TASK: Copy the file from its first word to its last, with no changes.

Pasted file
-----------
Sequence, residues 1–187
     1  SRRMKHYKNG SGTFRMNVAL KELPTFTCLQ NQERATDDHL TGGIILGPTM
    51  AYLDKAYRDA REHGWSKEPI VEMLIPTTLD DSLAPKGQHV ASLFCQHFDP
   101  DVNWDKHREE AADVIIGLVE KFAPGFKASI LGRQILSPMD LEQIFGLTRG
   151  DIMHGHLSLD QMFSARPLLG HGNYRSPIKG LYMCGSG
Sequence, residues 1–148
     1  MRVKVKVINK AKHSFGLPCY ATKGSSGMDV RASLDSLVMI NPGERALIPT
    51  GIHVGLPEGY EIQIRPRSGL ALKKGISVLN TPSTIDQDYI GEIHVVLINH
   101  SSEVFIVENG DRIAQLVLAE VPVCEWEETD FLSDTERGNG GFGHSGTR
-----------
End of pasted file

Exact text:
Sequence, residues 1–187
     1  SRRMKHYKNG SGTFRMNVAL KELPTFTCLQ NQERATDDHL TGGIILGPTM
    51  AYLDKAYRDA REHGWSKEPI VEMLIPTTLD DSLAPKGQHV ASLFCQHFDP
   101  DVNWDKHREE AADVIIGLVE KFAPGFKASI LGRQILSPMD LEQIFGLTRG
   151  DIMHGHLSLD QMFSARPLLG HGNYRSPIKG LYMCGSG
Sequence, residues 1–148
     1  MRVKVKVINK AKHSFGLPCY ATKGSSGMDV RASLDSLVMI NPGERALIPT
    51  GIHVGLPEGY EIQIRPRSGL ALKKGISVLN TPSTIDQDYI GEIHVVLINH
   101  SSEVFIVENG DRIAQLVLAE VPVCEWEETD FLSDTERGNG GFGHSGTR